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Ancient Bronzes as Art Objects: Roman Collectors and “Corinthian Bronzes”

Lecture by UrbNet Visiting Professor Christopher Hallett (University of California, Berkeley). Lecture 2/6 in the lecture series "New research on the materials of ancient sculpture".

Info about event


Tuesday 13 April 2021,  at 13:00 - 14:00


Virtual + Centre for Urban Network Evolutions (UrbNet), Aarhus University, Moesgård Allé 20, 8270 Højbjerg, Denmark (Building 4230-232).


UrbNet, Centre for Urban Network Evolutions


An art market came into being in the late Hellenistic period that supplied bronze statues, large and small, to rich collectors.  With the emergence of competitive art collecting by the super-rich at Rome, bronze figurines seem to have acquired a new function; and this dramatically changed their form and their appearance.  The result was a novel kind of bronze statuette, well attested in the ancient literary sources, and referred to as aes Corinthum, or Corinthia — ‘Corinthian bronzes’.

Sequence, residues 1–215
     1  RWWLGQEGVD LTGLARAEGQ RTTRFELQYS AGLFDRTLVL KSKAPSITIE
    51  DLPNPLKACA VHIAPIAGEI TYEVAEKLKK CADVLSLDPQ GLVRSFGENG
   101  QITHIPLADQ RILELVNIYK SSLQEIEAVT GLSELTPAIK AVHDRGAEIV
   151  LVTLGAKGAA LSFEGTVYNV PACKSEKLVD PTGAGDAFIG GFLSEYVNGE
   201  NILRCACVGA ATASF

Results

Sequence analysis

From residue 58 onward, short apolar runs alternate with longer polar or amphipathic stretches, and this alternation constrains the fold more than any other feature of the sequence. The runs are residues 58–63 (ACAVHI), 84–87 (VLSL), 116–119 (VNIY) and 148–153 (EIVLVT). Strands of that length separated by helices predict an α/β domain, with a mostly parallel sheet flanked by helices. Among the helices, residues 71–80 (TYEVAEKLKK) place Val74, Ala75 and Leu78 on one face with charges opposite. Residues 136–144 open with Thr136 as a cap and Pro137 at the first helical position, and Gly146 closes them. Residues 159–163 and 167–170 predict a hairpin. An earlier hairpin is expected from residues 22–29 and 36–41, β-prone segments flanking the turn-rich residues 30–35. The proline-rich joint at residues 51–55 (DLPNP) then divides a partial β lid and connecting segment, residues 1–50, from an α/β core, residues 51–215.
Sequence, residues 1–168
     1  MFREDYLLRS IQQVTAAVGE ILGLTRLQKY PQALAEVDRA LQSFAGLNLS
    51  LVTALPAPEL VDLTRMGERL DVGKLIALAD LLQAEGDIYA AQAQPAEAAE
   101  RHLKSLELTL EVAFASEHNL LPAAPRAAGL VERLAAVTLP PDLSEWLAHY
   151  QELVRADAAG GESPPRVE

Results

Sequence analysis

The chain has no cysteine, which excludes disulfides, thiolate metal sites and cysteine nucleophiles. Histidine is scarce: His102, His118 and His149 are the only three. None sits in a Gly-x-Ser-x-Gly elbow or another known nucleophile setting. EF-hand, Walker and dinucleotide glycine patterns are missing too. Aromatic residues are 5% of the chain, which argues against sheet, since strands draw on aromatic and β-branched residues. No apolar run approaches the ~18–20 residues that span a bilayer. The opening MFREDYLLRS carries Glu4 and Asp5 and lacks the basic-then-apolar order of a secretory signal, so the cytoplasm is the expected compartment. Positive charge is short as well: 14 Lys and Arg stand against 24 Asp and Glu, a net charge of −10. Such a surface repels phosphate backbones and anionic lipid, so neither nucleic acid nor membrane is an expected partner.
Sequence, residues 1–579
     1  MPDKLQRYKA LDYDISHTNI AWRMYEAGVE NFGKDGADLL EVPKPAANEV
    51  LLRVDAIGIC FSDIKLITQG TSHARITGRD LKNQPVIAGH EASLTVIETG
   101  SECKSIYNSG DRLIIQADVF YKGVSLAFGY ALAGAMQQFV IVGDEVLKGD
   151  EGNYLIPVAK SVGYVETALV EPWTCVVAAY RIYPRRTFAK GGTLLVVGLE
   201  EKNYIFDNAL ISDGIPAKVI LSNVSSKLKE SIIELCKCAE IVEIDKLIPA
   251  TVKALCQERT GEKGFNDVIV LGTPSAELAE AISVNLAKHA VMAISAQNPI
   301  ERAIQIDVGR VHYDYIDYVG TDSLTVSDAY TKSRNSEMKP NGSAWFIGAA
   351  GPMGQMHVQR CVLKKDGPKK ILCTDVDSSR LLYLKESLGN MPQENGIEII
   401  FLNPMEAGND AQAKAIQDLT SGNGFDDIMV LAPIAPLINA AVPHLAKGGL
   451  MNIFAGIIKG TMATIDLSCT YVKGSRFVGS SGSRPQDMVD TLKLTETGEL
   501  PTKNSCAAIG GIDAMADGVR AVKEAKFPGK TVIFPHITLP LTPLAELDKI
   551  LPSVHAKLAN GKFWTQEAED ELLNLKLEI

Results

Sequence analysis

This paper argues that many of these notorious ‘Corinthian bronzes’ actually survive from antiquity; we can even date their first appearance in the archaeological record, and chart something of their evolution over time.  The popularity of the collectible bronze figurine in contemporary culture also had a more profound effect on Roman visual culture.  It gave rise to the employment of bronze statuettes in domestic cult in Roman homes, and in rituals and public ceremonies throughout the Roman world.

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